Due to the variety of its ecosystems, which include mountains, woods, plains, largely uninhabited territories, streams, rocky coasts and long sandy beaches, the island has been defined metaphorically as a micro-continent. In the modern era, many travelers and writers have exalted its beauty, remained untouched until the contemporary age and immersed in a landscape that houses the vestiges of the Nuragic civilization.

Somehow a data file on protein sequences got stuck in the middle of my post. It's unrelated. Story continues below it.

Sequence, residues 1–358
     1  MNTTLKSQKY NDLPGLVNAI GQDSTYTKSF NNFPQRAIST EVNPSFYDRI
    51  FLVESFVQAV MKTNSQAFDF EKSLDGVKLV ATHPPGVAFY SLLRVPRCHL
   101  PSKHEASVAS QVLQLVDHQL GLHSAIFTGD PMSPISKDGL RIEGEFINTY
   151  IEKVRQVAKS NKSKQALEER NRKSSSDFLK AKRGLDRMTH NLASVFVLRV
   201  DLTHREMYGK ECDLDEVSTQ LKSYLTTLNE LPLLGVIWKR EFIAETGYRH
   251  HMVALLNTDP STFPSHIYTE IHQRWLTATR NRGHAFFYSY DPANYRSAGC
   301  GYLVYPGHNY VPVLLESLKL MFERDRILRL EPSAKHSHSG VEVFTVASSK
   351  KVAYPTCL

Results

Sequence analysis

The name Sardinia is from the pre-Roman noun *s(a)rd-, later romanised as sardus (feminine sarda). It makes its first appearance on the Nora Stone, where the word Šrdn testifies to the name's existence when the Phoenician merchants first arrived. According to Timaeus, one of Plato's dialogues, Sardinia (referred to by most ancient Greek authors as "Sardò", Σαρδὼ) and its people as well might have been named after a legendary woman going by Sardò (Ancient Greek: Σαρδὼ), born in Sardis (Σάρδεις), capital of the ancient Kingdom of Lydia. There has also been speculation that identifies the ancient Nuragic Sards with the Sherden, one of the Sea Peoples. It is suggested that the name had a religious connotation from its use also as the adjective for the ancient Sardinian mythological hero-god Sardus Pater ("Sardinian Father" or "Father of the Sardinians"), as well as being the stem of the adjective "sardonic". In Classical antiquity, Sardinia was called a number of names besides Sardò (Σαρδὼ) or Sardinia, like Ichnusa (the Latinised form of Ancient Greek: Ἰχνοῦσα),Sandaliotis (Ancient Greek: Σανδαλιῶτις) and Argirofleps (Ancient Greek: Αργυρόϕλεψ).